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Is Marriage the Cure for Cancer?


It sounds strange, but it’s true: marriage could be a important part of finding a cure for cancer. A new study in the Journal of Clinical Oncology finds that married cancer patients are 20 percent more likely than unmarried cancer patients to beat the disease. NBC News has more:

The study also found that guys seem to benefit more from marriage when it comes to surviving cancer: Men had a 23 percent improvement in survival if they were married; for women, it was 16 percent. Nguyen says unmarried women may be more likely to reach out to their social networks for help, whereas that might not come as easily to unmarried men […]

“This is not supposed to be a downer for single people; this is not supposed to be just a pat on the back for married people,” Nguyen says. “This is really supposed to be something that gets us all to think about how we can help each other — how we can help our friends, and our loved ones, with cancer.”

This isn’t the first study of it’s kind: A 1991 study of leukemia patients who received bone marrow transplants found that those with strong social support had two year survival rate was 54 percent, compared to 20 percent for those without it.

Nor is cancer isn’t the only disease for which strong communal bonds have improved health outcomes. Carol Ryff and Burton Singer, for example, found that weak social ties  “predicted incident cardiovascular disease, decline in physical function, and decline in cognitive function.”

The health of our relationships is closely tied to the health of of citizenry, yet this remains neglected in much of the national health policy discussion. Strong communities are an essential context for health care, and strengthening relationships and building communities are as important for the future of health care as technological innovations and quality doctor training.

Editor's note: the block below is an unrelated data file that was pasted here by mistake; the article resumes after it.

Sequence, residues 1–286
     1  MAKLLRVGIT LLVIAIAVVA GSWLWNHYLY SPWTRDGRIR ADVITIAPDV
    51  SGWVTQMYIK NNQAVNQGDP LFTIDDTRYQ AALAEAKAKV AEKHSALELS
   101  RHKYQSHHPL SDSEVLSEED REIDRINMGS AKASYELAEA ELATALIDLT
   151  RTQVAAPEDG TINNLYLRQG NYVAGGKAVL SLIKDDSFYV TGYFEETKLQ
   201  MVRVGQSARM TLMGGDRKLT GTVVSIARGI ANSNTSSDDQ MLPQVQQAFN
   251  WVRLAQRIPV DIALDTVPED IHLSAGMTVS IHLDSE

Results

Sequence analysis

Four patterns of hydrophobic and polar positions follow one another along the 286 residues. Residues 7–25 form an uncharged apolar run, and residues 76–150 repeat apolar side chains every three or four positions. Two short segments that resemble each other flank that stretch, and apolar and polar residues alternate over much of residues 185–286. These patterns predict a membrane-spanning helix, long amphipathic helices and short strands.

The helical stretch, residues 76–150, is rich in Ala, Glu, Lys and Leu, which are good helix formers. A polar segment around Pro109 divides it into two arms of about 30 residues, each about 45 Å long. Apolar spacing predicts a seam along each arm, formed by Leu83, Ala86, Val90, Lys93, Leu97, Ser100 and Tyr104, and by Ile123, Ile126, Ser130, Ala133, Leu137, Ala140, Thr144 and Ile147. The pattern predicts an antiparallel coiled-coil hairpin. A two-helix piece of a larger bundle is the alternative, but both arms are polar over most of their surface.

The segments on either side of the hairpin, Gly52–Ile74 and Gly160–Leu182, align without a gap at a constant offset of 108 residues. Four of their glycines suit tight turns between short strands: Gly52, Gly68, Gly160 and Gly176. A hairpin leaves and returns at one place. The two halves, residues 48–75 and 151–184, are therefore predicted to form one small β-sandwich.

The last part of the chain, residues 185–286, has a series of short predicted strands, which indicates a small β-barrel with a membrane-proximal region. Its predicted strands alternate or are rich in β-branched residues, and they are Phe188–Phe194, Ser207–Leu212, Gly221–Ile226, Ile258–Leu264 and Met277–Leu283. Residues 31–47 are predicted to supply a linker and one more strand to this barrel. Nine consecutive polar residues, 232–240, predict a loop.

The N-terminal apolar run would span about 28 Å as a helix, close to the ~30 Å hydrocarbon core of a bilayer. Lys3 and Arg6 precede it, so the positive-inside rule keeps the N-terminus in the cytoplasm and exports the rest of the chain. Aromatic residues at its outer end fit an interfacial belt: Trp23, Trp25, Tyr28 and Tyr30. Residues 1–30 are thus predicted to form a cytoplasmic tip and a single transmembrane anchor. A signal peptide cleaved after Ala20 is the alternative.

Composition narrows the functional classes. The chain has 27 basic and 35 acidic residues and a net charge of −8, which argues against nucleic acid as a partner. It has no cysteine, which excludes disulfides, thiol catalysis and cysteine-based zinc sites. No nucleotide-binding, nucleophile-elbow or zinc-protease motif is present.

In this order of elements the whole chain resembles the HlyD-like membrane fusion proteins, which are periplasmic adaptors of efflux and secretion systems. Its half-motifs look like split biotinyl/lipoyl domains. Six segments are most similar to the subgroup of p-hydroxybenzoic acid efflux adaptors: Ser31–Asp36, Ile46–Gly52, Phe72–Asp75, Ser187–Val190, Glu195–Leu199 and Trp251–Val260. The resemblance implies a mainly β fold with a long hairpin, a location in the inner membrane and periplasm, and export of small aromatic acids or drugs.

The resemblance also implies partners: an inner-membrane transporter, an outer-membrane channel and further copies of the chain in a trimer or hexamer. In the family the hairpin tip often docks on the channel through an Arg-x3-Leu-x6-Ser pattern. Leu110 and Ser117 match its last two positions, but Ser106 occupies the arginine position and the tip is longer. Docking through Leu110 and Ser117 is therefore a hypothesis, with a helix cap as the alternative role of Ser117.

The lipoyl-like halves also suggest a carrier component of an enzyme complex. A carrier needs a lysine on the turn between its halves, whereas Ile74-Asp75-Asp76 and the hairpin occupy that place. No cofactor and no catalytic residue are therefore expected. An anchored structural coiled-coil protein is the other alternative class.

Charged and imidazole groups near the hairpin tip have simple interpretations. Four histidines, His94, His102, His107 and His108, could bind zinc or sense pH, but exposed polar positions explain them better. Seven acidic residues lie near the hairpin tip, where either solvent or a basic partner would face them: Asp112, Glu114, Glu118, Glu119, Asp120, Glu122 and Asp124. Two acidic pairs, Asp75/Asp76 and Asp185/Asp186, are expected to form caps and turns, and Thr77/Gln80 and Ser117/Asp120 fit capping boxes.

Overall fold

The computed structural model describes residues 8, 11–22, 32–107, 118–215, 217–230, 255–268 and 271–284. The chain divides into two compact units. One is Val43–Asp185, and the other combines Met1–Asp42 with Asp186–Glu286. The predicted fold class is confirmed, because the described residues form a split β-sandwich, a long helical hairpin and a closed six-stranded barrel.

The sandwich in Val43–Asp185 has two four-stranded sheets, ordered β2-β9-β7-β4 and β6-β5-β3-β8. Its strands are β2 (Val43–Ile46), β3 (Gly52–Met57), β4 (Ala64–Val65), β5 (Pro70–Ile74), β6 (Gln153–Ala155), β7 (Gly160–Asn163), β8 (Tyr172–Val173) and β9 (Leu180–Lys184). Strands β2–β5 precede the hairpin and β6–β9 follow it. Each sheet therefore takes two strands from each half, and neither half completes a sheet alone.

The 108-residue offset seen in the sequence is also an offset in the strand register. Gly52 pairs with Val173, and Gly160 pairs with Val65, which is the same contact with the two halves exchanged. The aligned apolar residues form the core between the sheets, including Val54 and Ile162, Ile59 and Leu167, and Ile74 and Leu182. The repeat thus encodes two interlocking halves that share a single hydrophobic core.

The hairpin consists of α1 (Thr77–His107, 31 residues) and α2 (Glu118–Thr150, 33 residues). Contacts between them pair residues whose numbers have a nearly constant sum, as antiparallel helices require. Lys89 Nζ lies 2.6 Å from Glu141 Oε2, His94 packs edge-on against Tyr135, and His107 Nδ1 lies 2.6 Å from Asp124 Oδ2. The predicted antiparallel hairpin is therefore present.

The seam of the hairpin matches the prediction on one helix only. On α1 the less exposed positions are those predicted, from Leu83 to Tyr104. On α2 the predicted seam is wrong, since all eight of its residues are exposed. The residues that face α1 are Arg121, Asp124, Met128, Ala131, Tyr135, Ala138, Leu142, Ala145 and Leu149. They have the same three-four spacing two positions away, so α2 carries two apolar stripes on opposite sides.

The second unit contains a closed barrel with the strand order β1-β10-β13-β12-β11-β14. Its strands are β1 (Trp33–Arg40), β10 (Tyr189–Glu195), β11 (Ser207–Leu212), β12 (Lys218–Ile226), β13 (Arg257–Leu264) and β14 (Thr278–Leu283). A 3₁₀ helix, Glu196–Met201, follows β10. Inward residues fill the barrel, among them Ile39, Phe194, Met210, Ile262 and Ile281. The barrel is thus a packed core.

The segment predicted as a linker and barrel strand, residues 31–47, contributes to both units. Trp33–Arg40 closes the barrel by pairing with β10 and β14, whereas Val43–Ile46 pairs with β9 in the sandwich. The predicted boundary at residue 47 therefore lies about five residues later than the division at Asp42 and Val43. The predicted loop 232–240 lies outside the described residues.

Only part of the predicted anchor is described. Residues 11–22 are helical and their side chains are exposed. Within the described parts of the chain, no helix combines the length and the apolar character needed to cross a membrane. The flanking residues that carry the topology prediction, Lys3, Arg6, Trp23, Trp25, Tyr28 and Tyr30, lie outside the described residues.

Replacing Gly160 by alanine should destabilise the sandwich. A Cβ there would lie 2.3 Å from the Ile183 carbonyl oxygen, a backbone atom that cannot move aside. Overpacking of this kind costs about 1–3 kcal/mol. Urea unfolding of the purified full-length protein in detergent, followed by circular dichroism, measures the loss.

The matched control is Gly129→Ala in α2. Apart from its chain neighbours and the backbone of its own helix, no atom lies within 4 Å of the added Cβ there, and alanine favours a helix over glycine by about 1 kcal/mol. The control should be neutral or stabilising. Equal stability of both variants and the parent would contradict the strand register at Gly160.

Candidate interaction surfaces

[Wedding cake image courtesy of Shutterstock]

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  • Pete

    Well, the traditional view is that God created woman to be a mate with man. That is, neither a man nor a woman is truly complete without the other.

    And all the stats show that married couples do better economically and health wise than single people.

    Furthermore, single people — especially women — tend to favor empowering the almighty state over small government.

  • Corlyss

    I think it depends on the helpmate relationship. People suffering from a potentially life-threatening disease like cancer, but not just cancer, need emotional support of varying degrees. If the marriage is healthy, then the support exists. If the marriage is not healthy, the rate of survival is probably more like that of single people. I am one of the lucky singles. 13 years in remission.

  • crabtown

    It’s too bad Obamacare penalized married couples over a certain income. But the Left’s been trying to get rid of marriage for a very long time.

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